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Conference on the role of renewables for EU’s energy security

organised by AEBIOM

22 SEPT 2014



Being personally committed to the energy transition issue, it’s a pleasure to join you at today’s conference. Europe’s energy policy has seen profound changes in the last decades, but it is currently facing a new situation with multiple challenges. Although energy mixes and choices around energy in member states may vary, we have three common and distinct policy objectives: limiting the environmental impact of energy production, transport and use, ensuring a reliable and uninterrupted supply of energy as well as making energy affordable for every citizen and fighting against energy povertyIn my speech I will focus on this threefold challenge that Europe’s energy policy needs to tackle and argue for a need to smartly reframe the renewables agenda by closely linking sustainability, energy security and social aspects.

First, lets have a closer look at the sustainability and climate change aspects of the energy policy agenda. I quote the Intergovernmental Panel on Climate Change (AR5): “The world now has a rough deadline for action on climate change. Nations need to take aggressive action in the next 15 years to cut carbon emissions, in order to forestall the worst effects of global warming.”

This means that the world is (again) being warned of an ecological or climate tipping point by the UN. I say, it might be already late or we might delay too long in reacting to these risks and may see irreversible changes in all parts of the environmental system. Hence, its time for urgent action at all levels (from governments to individuals). We need substantial and sustained reductions of GHG emissions and other environmental impacts related to energy.

If we look at the level of ambition of the EU’s 2030 Climate and Energy Package as it stands, even if discussions are on-going on its details, it is clearly insufficient.

We need more. (Of course, we also have to look beyond Europe’s borders and prevent outsourcing carbon emissions and footprint to other parts of the world.)


However, this is only part of the overall picture. We all sense that energy security and is now higher and higher on the agenda, an issue that has clear linkages with renewables.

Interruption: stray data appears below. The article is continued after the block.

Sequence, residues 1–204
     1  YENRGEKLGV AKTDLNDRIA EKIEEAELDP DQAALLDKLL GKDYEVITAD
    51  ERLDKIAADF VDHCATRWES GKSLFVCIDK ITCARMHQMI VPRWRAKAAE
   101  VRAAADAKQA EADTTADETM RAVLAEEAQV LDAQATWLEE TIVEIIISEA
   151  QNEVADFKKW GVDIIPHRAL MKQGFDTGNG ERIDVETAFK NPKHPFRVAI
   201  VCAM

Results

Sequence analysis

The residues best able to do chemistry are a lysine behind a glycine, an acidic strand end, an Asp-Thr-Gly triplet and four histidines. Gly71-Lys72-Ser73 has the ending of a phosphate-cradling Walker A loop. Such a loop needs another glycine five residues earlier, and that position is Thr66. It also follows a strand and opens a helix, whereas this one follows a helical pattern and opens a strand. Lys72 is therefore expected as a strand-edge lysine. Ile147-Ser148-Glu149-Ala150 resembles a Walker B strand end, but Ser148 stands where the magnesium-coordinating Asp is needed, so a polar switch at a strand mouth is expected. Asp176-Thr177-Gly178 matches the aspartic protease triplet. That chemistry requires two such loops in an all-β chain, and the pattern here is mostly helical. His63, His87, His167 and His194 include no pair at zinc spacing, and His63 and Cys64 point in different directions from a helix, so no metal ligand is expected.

Yet, even if there is currently much political will around energy security, providing clear opportunities for you, renewables stakeholders, there are also some threats that I would like to point out.

In the 2030 Climate and Energy Package we have to thrive for much more (at least a 45% share for renewables) than the numbers currently discussed and I will only support a deal that has this ambition.

Beyond ambitious and binding goals at the European level we have to define specific targets at the level of member states, together with well designed, result-oriented and conditional support schemes.


Besides, energy security as a new buzzword and umbrella concept might provide an opportunity for the fossil fuel (e.g. shale gas) or nuclear lobby, which, if successful, can delay the genuinely sustainable energy transition alternatives in the EU. I personally am fully convinced that energy efficiency in combination with a nuclear free energy supply and a rapidly growing share of renewables is the direction we should move towards.

This would also make national and European energy systems less dependent on external sources, less vulnerable and more resilient in an energy crisis situation.


Furthermore, I warn decision makers not to throw out the baby with the bathwater and let go the achievements the EU has made in environment and climate-protection. Sustainability goals and new investments (physical and intellectual) in climate-friendly technologies using energy from various renewable sources need to remain an inherent part of future energy policy in the EU.

In some regions of the European Union (mainly in Eastern-Central Europe and the Mediterranean member states), the issues I have mentioned are accompanied by a third challenge, namely the extensive problem of energy poverty.